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'Saturday Night Live' takes swipe at Trump inauguration attendance – minus Alec Baldwin

Alec Baldwin's absence didn't stop "Saturday Night Live" from taking yet another swipe at President Donald Trump.

>> 'SNL' writer under fire for Barron Trump tweet

In the comedy show's first episode after the inauguration, Beck Bennett reprised his role as a shirtless Vladimir Putin to offer Trump some words of advice – and derision.

>> Read more trending stories

"Donald, let's talk as friends. You're not off to a great start, man," Bennett's Putin said. "I thought you'd be better at this; however, I'm glad to see so many people showed up to your inauguration."

>> Trump slams 'Saturday Night Live' after press conference sketch

As a photo from Saturday's Women's March filled the screen, he added, "Oh, wait, that's the Women's March. Here is inauguration." A photo from Friday's ceremony appeared, showing smaller crowds.

>> Click here to watch the clip

Putin on this weekend's inauguration. #SNL pic.twitter.com/rL8bFao3H7— Saturday Night Live (@nbcsnl) January 22, 2017 <script async src="//platform.twitter.com/widgets.js" charset="utf-8"></script>

"Putin" continued to slam Trump, taking aim at the president's Saturday remarks to the CIA.

"And today, you went to the CIA and said 1 million people came to see you in Washington, D.C.?" said Bennett, playing Putin. "If you're going to lie, don't make it so obvious. You know, say you are friends with LeBron James, not that you are LeBron James."

>> Watch the entire "cold open" here (WARNING: Viewer discretion advised)

Although Baldwin, who occasionally plays Trump, did not appear on this week's episode, the actor did take to Twitter to blast Trump and White House Press Secretary Sean Spicer for making debunked claims about attendance at the inauguration.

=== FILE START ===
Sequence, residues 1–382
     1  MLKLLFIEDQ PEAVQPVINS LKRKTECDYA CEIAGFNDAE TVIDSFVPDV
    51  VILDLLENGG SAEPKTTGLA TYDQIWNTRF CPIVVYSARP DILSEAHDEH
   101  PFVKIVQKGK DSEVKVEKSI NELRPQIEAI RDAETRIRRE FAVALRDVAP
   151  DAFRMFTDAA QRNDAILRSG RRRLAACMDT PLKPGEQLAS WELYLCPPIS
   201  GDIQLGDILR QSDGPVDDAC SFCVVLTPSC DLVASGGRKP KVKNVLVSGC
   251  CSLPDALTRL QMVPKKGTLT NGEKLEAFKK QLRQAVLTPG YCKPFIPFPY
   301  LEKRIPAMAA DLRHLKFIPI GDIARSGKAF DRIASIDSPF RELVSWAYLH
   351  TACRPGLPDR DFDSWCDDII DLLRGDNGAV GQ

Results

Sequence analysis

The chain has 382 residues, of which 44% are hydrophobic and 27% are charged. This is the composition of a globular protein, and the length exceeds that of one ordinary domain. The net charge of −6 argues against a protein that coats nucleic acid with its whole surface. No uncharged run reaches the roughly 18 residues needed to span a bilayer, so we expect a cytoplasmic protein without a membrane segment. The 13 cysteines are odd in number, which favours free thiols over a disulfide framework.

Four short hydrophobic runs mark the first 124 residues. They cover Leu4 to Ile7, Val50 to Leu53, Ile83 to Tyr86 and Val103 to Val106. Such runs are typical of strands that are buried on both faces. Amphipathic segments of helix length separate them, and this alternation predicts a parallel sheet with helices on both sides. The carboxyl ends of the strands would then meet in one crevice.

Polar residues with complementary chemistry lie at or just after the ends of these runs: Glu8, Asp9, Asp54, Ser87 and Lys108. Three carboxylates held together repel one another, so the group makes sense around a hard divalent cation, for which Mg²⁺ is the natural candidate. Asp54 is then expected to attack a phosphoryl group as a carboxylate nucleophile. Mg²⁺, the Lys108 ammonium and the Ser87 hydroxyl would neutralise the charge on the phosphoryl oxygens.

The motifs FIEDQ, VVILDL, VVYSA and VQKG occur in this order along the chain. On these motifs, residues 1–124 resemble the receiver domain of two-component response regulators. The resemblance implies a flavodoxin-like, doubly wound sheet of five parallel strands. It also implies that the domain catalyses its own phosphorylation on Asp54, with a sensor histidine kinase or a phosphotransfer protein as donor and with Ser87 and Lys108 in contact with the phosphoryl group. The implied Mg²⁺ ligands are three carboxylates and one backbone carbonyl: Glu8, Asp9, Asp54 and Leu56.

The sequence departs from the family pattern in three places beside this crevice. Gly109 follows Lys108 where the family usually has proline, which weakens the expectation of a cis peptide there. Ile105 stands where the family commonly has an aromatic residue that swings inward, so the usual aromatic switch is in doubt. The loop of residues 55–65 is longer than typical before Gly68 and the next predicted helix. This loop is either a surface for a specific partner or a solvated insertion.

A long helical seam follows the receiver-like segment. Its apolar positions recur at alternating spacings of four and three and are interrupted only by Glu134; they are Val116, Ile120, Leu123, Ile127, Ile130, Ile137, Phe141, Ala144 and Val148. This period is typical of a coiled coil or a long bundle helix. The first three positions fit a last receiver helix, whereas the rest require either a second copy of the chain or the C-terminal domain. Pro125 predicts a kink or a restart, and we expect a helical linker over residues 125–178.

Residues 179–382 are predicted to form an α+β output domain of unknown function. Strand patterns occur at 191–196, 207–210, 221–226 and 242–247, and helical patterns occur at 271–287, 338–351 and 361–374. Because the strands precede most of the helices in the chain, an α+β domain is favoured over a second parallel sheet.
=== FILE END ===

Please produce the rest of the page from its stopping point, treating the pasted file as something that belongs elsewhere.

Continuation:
>> Click here or scroll down to see what he had to say

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10 sassy signs from women's marches around the world

As crowds flooded streets Saturday for women's marches around the world, many protesters carried signs bearing bold statements and witty slogans.

>> Click here or scroll down to see 10 memorable protest signs from the marches

>> PHOTOS: Women march around the world

>> Washington Women's March crowd surpasses inauguration attendance

>> Celebrities show solidarity with Women's March

>> Read more trending stories

<iframe src="//storify.com/cmgnationalnews/these-10-signs-show-how-protesters-at-the-women-s-/embed?header=none&amp;border=false" width="100%" height="750" frameborder="no" allowtransparency="true"></iframe> <script src="//storify.com/cmgnationalnews/these-10-signs-show-how-protesters-at-the-women-s-.js?header=none&amp;border=false"></script> [View the story "10 must-see signs from women's marches around the world" on Storify]

Muslim man receives heartwarming note from neighbors after Trump's inauguration

A heartfelt letter left on the door of a Muslim man's Ohio home after President Donald Trump's inauguration is going viral.

>> Need something to lift your spirits? Read more uplifting news

According to WCPO, Abubaker Amri, who immigrated to the United States from Libya nearly 40 years ago, was concerned about some of Trump's comments on the campaign trail. But on Friday, a surprising letter note from his neighbors in Cincinnati lifted his spirits.

>> Read more trending stories

"Dear Neighbors," the note read. "Today begins a new stage for our country. No matter what happens, please know there are still a lot of people who will fight for your right to practice your religion, to continue your lives without discrimination. You are welcome in our neighborhood and if you need anything – please knock on our door."

Amri's niece, Hend Amry, shared a photo of the letter on Twitter, where it quickly went viral. Her post was retweeted more than 140,000 times and "liked" more than 415,000 times by Sunday morning.

>> See the post here